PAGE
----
One of the things that I really like about, you know, not setting any rules as to how I go about these actor profile things is that chronology is never an issue. I can jump and skip around in an actor’s filmography as if time never mattered (this post’s belated publishing is proof that it indeed doesn’t here on Thomas J). Picking and choosing roles more or less at random has been liberating.
The time has finally come for a healthy discussion of Joseph Gordon-Levitt’s directorial debut (and thus far his only feature directing credit). Back in 2013 the amiable and ever-busy native Angeleno broke the ice with a surprisingly clear-eyed look at the sacrifices and benefits of relationships, taking a modern, sex-positive approach to the subject and the nuances thereof — the corrosive effects of pornography and pop culture on one’s expectations of real sex; the difference between genuine, emotional connection and the thrill of infatuation.
Despite the film taking its title from the fictional and life-long womanizer Don Juan, a name used to pin down the general attitude of men devoted to the Lothario lifestyle, Levitt’s direction balances baser instincts with more complex feelings in a way that satisfies far more than it feels manipulative and cheesy. The cast is small but fantastic and, predictably, does great work with well-written characters.
Scarlett Johannson as Barbara Sugarman in Joseph Gordon-Levitt’s Don Jon
Role Type: Supporting
Premise: A New Jersey guy dedicated to his family, friends, and church, develops unrealistic expectations from watching porn and works to find happiness and intimacy with his potential true love. (IMDb)
Character Background: Don Jon is a film with a strong personality. With it being set in a part of the country that also boasts a strong (some may say abrasive) personality, it’s no surprise the characters are going to let you know what’s on their mind, usually by yelling. Barbara Sugarman is a good example, a strong cuppa who isn’t afraid of dropping a few f-bombs in a sentence for proper emphasis. And really everything about her is emphatic: girl talks loud, walks fast and chews gum for the work-out.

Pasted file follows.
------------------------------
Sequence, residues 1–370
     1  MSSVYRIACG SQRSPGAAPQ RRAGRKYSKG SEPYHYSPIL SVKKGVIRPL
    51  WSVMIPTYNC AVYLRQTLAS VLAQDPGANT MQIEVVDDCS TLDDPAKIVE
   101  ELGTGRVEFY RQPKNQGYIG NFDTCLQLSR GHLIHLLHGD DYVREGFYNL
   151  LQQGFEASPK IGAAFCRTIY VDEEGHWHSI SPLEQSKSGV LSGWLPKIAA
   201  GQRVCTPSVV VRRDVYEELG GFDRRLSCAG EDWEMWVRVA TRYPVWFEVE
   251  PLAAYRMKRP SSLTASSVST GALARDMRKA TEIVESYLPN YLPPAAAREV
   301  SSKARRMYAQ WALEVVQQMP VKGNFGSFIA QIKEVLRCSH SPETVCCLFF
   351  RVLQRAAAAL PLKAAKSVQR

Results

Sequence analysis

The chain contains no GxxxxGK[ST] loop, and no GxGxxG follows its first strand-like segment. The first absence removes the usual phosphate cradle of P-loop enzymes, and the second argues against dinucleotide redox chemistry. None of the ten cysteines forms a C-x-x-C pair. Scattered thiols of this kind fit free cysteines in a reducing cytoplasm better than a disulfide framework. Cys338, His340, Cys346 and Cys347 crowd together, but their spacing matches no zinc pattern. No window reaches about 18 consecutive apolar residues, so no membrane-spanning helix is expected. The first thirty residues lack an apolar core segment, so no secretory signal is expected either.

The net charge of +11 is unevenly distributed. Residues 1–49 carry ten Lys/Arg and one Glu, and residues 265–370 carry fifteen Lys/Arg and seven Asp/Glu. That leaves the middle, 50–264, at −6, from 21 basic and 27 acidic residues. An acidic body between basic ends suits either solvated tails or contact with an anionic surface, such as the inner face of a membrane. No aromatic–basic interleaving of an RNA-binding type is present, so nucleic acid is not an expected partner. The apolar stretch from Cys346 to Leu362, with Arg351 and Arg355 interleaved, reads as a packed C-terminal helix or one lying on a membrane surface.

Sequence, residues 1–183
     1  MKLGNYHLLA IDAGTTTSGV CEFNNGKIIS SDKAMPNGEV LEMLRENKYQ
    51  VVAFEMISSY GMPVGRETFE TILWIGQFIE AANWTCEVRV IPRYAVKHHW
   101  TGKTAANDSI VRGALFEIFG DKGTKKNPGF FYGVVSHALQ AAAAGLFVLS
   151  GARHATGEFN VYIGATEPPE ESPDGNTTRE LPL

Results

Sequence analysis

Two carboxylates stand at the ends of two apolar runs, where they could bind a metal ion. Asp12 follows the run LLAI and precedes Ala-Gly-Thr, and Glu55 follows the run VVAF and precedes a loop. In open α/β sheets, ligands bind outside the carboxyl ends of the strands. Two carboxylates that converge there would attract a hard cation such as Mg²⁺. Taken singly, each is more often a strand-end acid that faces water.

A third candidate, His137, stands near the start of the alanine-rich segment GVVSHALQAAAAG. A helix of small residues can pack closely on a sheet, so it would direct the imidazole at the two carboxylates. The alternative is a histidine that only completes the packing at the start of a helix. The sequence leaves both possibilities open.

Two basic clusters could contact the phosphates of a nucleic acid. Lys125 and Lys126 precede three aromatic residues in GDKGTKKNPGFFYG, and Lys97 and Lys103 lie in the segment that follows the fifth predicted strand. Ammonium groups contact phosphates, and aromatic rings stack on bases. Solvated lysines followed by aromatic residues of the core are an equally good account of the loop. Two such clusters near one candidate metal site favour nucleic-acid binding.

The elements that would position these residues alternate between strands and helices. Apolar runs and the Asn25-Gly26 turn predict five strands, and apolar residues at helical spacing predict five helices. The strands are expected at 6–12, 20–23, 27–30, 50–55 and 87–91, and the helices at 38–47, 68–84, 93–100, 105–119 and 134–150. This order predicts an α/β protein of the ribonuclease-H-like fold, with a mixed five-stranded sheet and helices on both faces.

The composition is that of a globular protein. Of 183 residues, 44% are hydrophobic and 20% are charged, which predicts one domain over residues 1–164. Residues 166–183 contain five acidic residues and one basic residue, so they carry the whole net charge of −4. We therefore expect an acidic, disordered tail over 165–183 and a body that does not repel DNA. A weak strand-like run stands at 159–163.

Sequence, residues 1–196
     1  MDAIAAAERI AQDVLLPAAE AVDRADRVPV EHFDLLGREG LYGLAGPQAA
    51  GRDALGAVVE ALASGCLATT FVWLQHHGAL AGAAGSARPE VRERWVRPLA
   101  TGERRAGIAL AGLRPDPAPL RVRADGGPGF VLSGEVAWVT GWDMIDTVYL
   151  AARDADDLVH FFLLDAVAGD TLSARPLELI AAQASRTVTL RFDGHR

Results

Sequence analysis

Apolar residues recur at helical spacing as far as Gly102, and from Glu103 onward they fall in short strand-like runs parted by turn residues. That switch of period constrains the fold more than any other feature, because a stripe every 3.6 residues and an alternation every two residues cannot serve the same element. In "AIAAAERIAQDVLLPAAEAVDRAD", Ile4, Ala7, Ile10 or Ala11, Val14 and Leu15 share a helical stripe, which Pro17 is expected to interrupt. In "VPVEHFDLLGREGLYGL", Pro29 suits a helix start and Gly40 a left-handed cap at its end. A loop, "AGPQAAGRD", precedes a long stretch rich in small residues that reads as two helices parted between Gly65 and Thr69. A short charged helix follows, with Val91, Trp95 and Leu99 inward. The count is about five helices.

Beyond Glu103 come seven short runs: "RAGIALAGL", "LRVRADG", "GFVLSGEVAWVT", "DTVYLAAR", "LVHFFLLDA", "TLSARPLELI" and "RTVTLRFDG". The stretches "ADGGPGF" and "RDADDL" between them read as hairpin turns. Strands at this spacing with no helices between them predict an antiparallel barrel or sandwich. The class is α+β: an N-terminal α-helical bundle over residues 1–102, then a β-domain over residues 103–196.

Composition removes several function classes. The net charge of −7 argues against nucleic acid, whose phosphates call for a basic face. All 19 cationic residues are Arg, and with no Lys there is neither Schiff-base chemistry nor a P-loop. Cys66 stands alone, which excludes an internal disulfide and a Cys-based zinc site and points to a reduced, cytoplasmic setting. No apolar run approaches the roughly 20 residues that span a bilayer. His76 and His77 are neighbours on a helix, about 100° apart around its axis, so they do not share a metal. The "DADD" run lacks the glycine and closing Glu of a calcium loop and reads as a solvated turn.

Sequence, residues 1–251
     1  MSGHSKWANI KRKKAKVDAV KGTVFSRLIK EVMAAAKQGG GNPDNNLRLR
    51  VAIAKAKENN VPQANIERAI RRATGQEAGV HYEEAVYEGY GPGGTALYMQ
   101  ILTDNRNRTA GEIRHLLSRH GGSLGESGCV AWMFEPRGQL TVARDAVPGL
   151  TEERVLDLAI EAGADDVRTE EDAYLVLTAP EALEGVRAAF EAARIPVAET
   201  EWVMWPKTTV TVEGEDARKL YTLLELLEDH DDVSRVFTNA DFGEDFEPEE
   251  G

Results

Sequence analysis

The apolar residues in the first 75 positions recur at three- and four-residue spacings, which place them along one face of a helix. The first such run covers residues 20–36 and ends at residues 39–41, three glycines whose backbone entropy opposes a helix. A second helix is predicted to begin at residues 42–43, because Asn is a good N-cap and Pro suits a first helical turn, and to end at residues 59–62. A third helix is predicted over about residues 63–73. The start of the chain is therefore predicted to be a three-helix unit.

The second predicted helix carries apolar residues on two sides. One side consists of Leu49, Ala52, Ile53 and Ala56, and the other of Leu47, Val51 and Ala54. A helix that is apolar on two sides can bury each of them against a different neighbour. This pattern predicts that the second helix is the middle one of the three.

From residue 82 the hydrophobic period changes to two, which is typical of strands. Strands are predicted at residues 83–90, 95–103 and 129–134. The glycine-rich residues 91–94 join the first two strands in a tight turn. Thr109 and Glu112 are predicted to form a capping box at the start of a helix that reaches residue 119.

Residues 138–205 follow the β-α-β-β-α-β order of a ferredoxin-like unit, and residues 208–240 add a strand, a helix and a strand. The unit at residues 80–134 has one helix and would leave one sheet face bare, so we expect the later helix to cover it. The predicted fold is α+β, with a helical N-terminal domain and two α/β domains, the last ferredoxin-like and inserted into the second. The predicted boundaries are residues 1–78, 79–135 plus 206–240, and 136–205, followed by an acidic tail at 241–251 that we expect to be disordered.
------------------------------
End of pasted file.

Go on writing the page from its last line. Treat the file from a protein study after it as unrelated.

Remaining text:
Barbara is a pretty shallow individual. She’s all about the artifice, how something appears rather than how it feels. One of the things that needs to be made clear is that Barbara is no villain, despite the character arc eventually pushing the viewer’s sympathies far more to Jon’s side. Not for nothing, she is very up-front about some of her principles. Don’t lie and everything will be all good. When Jon violates that simple rule, we understand her anger. What’s less reasonable is her expectation that relationships aren’t about work, it’s about comfort and pampering. Fine if you’re a Royal but in reality, at street-level, it takes two to make an effort and it would seem Barbara is putting in the wrong effort, or at least diverting her resources to the wrong cause.
Ultimately she is walking on a different side of the film’s thematic avenue. Unable to accept a man who prefers doing his own cleaning and taking care of his space, believing talking house chores is “unsexy,” Barbara fetishizes her knight in shining armor, attempts to contrive it in the same way Jon’s carefully curated collection of pornos has given him a far too specific code for stimulation.
What she brings to the movie: Temptation. Sex appeal is largely the point of the character, though Barbara’s perfectly manicured image is also symptomatic of something rotten. Scarlett Johansson is of course the quintessential blonde bombshell but as this feature has gone to show she’s a talented actor capable of conveying depth across a diverse range of roles. So it’s almost anti-Johansson to take on a role that’s the very definition of the cliché of beauty being only skin deep.
As a native New Yorker she also makes the thick Jersey accent easier to buy. It’s still affected, but is nowhere near as odd to hear as it is from her California-born co-star.
In her own words: “I had romantic ideas when I was a kid. I don’t know, I always liked people who didn’t like me. I always wanted what I couldn’t have, and I’m still in the process of figuring out why that is. It is something about our own ego, I think, it strokes our ego, the idea of the chase, the challenge. When you actually think about it realistically, would you ever want to be with someone who doesn’t want to be with you?”
Key Scene: An interesting moment, this one. Is this invasion of privacy? Or is that beside the point? Healthy debate time! Sound off in the comments.
Rate the Performance (relative to her other work):
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Photo credits: www.imdb.com; interview excerpt courtesy of ScreenSlam